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Facebook Just Lost a Big Battle to Google for Publishers

By Published on .

An AMP article on Facebook.
An AMP article on Facebook. Credit: Courtesy of Facebook

Facebook hasn't lost the war against Google for publishers' content, but it looks like it's losing one fight.

The company said Thursday that it's created a software extension that lets publishers easily transfer content formatted for its Instant Articles to the No. 1 competition for mobile readers in a hurry, Google AMP.

AMP pages load near instantaneously, get prime real estate in Google search results, and have seen widespread adoption from both publishers and ecommerce players such as eBay and 1800Flowers. (Pages that load faster often lead to an uptick in sales.)

Unlike AMP pages, Instant Articles keep the user on Facebook. The benefit for publishers is that their content loads faster.

Publishers can sell ads in too, so in theory there's no loss of revenue opportunity. But Facebook's latest move underscores earlier reports that publishers have grown frustrated with the Instant Articles format.

The New York Times, for example, has completely pulled out from Instant Articles. The Guardian said last month that it was also dropping the format.

"The revenue in no way backed up the amount of time that was being spent on it," Jason Kint, CEO of Digital Content Next, previously told The Verge.

Google AMP, meanwhile, has seen success. Google said last week that there are more than 1.7 billion AMP pages on 860,000 domains, with 35 million new pages being created each week.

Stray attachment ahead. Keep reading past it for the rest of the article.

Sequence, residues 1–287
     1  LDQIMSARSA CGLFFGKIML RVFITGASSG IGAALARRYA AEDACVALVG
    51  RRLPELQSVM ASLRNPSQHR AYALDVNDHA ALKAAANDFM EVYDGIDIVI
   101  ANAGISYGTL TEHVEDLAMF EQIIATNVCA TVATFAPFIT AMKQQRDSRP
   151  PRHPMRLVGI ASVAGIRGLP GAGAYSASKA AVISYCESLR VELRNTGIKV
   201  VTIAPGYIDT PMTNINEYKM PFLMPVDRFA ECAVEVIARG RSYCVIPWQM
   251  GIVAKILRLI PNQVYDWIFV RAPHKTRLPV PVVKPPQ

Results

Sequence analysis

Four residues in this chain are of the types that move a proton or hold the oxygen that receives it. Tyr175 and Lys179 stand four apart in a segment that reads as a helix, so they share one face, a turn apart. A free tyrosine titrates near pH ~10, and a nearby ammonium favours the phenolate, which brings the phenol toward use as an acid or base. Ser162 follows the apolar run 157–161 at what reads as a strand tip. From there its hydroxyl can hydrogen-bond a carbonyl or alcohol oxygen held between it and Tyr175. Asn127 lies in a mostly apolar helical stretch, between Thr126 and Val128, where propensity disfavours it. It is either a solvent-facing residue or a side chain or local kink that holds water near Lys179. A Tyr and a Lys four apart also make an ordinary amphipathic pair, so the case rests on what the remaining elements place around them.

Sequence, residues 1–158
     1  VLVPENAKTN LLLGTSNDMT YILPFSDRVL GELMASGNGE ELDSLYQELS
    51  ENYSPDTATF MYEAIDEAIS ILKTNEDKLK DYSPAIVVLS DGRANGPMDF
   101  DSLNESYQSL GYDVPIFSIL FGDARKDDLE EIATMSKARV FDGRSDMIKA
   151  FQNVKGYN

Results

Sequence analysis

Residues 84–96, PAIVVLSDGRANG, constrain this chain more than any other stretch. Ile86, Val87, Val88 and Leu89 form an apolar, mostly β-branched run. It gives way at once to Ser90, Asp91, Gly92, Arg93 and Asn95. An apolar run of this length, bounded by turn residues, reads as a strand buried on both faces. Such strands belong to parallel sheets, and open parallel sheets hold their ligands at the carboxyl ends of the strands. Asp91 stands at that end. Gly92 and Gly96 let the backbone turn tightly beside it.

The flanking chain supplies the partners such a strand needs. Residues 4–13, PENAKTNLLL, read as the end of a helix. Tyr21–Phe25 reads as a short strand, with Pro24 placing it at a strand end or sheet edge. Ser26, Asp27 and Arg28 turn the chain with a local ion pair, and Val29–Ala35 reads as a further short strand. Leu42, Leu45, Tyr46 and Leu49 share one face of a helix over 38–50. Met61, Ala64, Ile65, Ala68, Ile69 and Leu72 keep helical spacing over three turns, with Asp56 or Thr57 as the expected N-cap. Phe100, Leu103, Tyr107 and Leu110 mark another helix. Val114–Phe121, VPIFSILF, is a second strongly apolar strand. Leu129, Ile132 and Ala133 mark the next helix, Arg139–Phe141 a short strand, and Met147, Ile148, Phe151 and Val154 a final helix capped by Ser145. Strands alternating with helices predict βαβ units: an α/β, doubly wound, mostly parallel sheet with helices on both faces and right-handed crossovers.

Facebook said it also plans to allow its extension to format Instant Articles to Apple News' offering in the near future. The company called the updates a "commitment to open standards of collaboration with the community."

That may be, but creating technology to convert content into AMP pages isn't revolutionary. Wordpress, for example, allowed anyone to create an AMP site by simply checking a box, and that feature came out more than a year ago.

A Facebook spokeswoman said the new extension was not a response to Google, and would have come even if Instant Articles was vastly outperforming AMP and Apple News.

"There are certainly some publishers seeing gaps in monetization and we are working to address those," the spokeswoman said. "We know Instant Articles is not working for some high-profile subscription based publishers in particular -- and we don't expect anyone to use IA if it's not working for them. But again, this open-source SDK extension is not about competing with Google or trying to lure back anyone who has left. It's about helping existing users as requested."

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